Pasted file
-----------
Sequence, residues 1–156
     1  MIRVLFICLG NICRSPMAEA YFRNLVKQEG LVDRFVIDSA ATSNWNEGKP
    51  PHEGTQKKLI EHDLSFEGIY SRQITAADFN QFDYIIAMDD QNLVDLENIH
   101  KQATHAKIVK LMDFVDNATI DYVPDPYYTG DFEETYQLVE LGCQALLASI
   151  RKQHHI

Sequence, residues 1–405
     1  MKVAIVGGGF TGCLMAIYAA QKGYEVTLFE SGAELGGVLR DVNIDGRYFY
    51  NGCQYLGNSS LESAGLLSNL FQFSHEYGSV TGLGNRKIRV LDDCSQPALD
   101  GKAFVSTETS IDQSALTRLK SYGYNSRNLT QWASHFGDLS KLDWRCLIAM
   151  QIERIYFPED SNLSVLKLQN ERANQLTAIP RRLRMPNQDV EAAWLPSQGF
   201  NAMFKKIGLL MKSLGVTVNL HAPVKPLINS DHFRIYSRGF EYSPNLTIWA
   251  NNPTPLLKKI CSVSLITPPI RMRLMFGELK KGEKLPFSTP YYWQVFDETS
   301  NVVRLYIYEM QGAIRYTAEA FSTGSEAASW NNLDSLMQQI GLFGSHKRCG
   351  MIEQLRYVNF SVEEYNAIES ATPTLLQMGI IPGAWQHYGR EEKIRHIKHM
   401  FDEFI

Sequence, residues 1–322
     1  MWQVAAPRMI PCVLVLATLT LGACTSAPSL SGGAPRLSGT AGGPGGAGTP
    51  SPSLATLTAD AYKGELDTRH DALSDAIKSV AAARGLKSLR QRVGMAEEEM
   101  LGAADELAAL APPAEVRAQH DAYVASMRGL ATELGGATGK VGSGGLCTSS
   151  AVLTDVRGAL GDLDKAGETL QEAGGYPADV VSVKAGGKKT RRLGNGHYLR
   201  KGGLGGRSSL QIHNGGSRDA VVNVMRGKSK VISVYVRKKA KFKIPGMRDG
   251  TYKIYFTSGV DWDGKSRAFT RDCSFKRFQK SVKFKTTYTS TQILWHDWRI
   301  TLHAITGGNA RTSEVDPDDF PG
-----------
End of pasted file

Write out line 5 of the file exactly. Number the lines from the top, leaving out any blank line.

   151  RKQHHI